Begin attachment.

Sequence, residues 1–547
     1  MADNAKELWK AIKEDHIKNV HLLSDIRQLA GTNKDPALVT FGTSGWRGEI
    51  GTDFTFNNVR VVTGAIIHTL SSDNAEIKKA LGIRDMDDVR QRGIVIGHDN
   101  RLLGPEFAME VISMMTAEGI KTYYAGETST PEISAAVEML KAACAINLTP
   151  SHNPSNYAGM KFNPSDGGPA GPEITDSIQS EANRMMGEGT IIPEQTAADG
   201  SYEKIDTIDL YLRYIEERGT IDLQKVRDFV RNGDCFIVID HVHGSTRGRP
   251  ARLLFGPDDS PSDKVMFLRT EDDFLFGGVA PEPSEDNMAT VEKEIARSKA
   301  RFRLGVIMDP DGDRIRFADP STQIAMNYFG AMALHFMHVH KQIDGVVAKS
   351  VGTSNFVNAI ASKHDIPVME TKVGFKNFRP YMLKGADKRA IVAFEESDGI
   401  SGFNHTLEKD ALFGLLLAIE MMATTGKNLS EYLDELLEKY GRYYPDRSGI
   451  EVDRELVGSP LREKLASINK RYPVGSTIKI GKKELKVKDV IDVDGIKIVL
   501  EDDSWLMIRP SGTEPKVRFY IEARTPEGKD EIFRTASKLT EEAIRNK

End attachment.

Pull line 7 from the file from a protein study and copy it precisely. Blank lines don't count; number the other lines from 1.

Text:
   251  ARLLFGPDDS PSDKVMFLRT EDDFLFGGVA PEPSEDNMAT VEKEIARSKA